MARK RILEY: It’s all about China. But can Australia get its fish while keeping clear of bear’s paw

Headshot of Mark Riley
Mark Riley
The Nightly
3 Min Read
MARK RILEY: An old Chinese proverb came to mind this week as the Federal Government made significant announcements on defence and the economy that both had obvious Beijing bearings.
MARK RILEY: An old Chinese proverb came to mind this week as the Federal Government made significant announcements on defence and the economy that both had obvious Beijing bearings. Credit: The Nightly, Adobe Stock

An old Chinese proverb came to mind this week as the Federal Government made significant announcements on defence and the economy that both had obvious Beijing bearings.

It comes from the Warring States philosopher Gaozi: “One cannot have both the fish and the bear’s paw”.

But that is exactly what Australia is trying to do.

Sign up to The Nightly's newsletters.

Get the first look at the digital newspaper, curated daily stories and breaking headlines delivered to your inbox.

Email Us
By continuing you agree to our Terms and Privacy Policy.

The fish in this analogy is the rich Chinese market that has helped keep the Australian economy afloat over the past three decades.

And the bear’s paw is China’s growing strategic objectives and its increasing military activity in the South China Sea.

Australia wants the fish but at the same time, we’re also trying to prevent the bear’s paw from attacking us.

Defence Minister Richard Marles dispensed with the usual bunkum about our defence policy not being about any one country.

Refreshingly, he just came out and said what every Australian knows.

MARK RILEY: An old Chinese proverb came to mind this week as the Federal Government made significant announcements on defence and the economy that both had obvious Beijing bearings.
MARK RILEY: An old Chinese proverb came to mind this week as the Federal Government made significant announcements on defence and the economy that both had obvious Beijing bearings. Credit: Don Lindsay/The West Australian

It is all about China.

“China has employed coercive tactics in pursuit of its strategic objectives,” he said, adding that “our environment is characterised by the uncertainty and tensions of entrenched and increasing strategic competition between the United States and China”.

Right on cue, the Chinese Ministry of Foreign Affairs immediately dismissed this as another example of Australia’s “Cold War mentality”, insisting that Beijing “adheres to the path of peaceful development and steadfastly pursues a defensive national defence policy”.

That too, of course, was complete bunkum.

The increasing incidence of Chinese warships colliding with and otherwise intimidating Filipino and Japanese vessels in the South China Sea proves that.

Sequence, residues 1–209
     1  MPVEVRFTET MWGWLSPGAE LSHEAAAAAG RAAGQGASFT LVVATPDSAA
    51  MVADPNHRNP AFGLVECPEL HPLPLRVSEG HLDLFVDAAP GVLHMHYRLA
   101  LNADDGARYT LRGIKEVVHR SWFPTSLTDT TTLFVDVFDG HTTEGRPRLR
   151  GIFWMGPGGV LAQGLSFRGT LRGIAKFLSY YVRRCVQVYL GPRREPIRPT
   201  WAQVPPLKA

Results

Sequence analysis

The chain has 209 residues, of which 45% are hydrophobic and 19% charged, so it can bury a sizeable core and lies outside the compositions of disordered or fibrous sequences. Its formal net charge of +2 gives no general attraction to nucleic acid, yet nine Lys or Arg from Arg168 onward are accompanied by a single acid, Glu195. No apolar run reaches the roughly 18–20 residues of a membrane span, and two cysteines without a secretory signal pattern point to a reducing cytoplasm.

It is also the reason behind the fundamental shift in Australia’s new official defence strategy away from land fighting vehicles for use in distant conflicts and towards air and sea capabilities to defend our own shores.

It is a strategy properly headlined by the AUKUS nuclear-powered submarine program devised by Scott Morrison.

It is expensive. Indeed, hideously expensive. But it is necessary to protect against the possibility that the bear’s paw may one day take a swipe at us.

At the same time, our access to fish has improved markedly in recent months as China has progressively removed its barriers to about $22 billion of annual trade in Australian beef, barley, wine and seafood.

But there are fresh concerns this week that the fish itself is shrinking.

In a furious round of 19 meetings over two days in Washington, Treasurer Jim Chalmers is hearing from the West’s leading economic analysts that China’s property market collapse is smashing its growth forecasts for the next several years.

That is bad news for a Treasurer who is looking to guide the domestic economy through what he hopes will be the final phase of a destructive inflationary cycle.

In ordinary times, Australia would rely on China’s voracious appetite for our mineral resources to see us through that challenging period of economic recovery.

China buys about a third of Australia’s total exports, making our economy heavily reliant on Beijing buyers.

But the World Bank, International Monetary Fund and others now say the short-term outlook for China is grim, predicting the lowest rates of economic growth since the 1970s.

Chalmers said yesterday that “the slowing in China has been a big feature of our discussion as we put the Budget together”.

That Budget is now just over three weeks away. And Chalmers suggested it was likely to predict three consecutive years of a Chinese growth rate with a “4” in front of it.

For most developed nations, that would be a good outcome.

For China, it’s insipid.

Its average rate of growth over the past 10 years has been close to double that at 7.9 per cent.

That suggests that while Australia continues with reforms to avoid the bear’s paw, it might have to start looking for its fish elsewhere.

Mark Riley is the Seven Network’s political editor.

Latest Edition

The front page of The Nightly for 28-05-2024

Latest Edition

Edition Edition 28 May 202428 May 2024

Shattered daughter of gunman claims police ignored her firearm pleas